EU snubs Jews who criticize Israel

Margaritis Schinas, a European Commission vice president, discriminates against Jews who oppose Israel’s occupation of the West Bank and Gaza. 

Thierry Monasse Polaris

Keeping Israel happy has always been the tacit objective of the European Union’s efforts to “combat” anti-Semitism.

These efforts began in earnest after the results of an opinion poll were leaked in late 2003. That poll indicated that Israel was regarded as the number one threat to world peace by nearly 60 percent of respondents.

The finding could have led to sober reflection about why participants in the EU-sponsored poll held that view. Rather than engage in that reflection, the Brussels bureaucracy accepted allegations by Israel’s supporters that the survey offered proof of widespread bigotry against Jews.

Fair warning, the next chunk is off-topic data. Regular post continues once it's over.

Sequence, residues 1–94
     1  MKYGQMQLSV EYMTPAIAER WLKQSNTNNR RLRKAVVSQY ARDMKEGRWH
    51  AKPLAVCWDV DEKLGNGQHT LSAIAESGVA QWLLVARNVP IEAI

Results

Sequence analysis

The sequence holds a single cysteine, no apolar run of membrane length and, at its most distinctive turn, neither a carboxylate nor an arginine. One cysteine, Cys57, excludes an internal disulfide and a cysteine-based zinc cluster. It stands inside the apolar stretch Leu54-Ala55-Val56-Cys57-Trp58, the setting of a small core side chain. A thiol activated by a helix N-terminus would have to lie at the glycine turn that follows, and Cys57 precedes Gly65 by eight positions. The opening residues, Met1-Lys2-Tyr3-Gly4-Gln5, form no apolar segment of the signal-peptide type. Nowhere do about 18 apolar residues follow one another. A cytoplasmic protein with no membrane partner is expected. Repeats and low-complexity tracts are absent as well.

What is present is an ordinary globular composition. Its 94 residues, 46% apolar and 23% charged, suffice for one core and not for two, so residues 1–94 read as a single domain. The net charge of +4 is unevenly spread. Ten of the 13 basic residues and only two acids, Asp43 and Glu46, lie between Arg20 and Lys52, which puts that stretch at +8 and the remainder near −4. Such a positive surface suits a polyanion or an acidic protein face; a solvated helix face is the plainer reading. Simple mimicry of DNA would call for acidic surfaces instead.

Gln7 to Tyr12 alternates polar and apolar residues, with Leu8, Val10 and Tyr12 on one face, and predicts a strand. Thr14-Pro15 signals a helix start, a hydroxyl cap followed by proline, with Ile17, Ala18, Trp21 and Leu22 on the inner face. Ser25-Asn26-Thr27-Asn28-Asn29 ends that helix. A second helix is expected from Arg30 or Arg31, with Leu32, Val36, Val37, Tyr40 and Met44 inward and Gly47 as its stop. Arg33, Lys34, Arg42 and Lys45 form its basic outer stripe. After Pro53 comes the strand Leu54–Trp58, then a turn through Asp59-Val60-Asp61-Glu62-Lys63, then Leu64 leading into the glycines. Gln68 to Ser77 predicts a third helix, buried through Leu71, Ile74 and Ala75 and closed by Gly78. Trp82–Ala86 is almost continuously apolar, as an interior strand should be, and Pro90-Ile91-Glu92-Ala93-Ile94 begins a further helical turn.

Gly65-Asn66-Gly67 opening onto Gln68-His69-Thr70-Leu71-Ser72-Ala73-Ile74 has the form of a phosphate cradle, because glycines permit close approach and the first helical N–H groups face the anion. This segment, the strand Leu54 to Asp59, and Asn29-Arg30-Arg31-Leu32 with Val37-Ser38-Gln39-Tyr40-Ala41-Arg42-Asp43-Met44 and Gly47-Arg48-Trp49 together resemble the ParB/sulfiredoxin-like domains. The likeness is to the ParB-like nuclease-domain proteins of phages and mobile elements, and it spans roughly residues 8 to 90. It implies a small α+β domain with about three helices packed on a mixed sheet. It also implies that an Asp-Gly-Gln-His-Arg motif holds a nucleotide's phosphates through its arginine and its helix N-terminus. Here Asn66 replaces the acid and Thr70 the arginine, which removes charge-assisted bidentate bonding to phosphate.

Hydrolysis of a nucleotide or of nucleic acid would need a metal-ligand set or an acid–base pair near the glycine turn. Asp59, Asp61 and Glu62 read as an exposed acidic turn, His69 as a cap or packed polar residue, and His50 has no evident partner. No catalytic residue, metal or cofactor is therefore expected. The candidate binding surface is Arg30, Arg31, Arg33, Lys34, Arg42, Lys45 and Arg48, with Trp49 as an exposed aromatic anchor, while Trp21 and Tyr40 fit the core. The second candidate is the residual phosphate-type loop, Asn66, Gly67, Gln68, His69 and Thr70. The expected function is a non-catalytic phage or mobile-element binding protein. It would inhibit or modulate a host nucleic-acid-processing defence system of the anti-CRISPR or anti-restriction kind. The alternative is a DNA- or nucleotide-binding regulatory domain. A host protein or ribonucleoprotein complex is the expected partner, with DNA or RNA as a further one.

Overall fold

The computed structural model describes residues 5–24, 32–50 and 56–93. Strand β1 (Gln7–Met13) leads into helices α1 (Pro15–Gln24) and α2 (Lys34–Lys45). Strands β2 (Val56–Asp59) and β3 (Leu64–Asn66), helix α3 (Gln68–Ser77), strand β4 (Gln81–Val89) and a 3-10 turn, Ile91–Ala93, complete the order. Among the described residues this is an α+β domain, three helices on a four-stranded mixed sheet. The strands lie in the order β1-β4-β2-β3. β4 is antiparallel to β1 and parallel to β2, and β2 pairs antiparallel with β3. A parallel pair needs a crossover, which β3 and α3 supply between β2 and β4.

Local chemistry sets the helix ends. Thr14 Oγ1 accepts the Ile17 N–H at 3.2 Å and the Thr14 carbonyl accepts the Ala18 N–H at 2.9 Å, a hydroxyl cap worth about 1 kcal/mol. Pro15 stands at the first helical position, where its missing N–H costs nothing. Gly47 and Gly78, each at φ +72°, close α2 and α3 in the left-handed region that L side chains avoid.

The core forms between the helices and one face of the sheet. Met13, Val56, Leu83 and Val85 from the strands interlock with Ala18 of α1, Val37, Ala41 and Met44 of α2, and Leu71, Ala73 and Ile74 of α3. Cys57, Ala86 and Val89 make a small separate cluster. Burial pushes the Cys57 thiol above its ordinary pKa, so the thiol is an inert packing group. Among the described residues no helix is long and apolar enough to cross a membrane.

A conference on the surrounding issues was swiftly scheduled by the European Commission, the EU’s executive, for early 2004.

Natan Sharansky, then an Israeli government minister, was among those invited. During his speech, he contended there was a “fine dividing line” between acceptable criticism of Israel and anti-Semitism.

Israel and its network of lobbyists have subsequently sought to make that dividing line even finer. The main weapon in their arsenal has been a definition of anti-Semitism which suggests that strong aversion to Israel’s policies merely camouflages a hatred toward Jews.


To various degrees, the EU has allowed Israel and its lobbyists to set the agenda on anti-Semitism.

A new excuse offered by the European Commission for preventing scrutiny of that agenda is deceitful.

In 2019, the European Commission formed a working group on anti-Semitism. It brings together pro-Israel lobbyists, police and civil servants from across the European Union’s 27 countries.

European Jews for a Just Peace, an organization critical of Israel, asked to participate in the working group but was rejected.

Tanja Fajon, a Slovenian member of the European Parliament, submitted a formal query about that rejection in July. More than six months later, she finally received a reply from Margaritis Schinas, a vice president of the European Commission.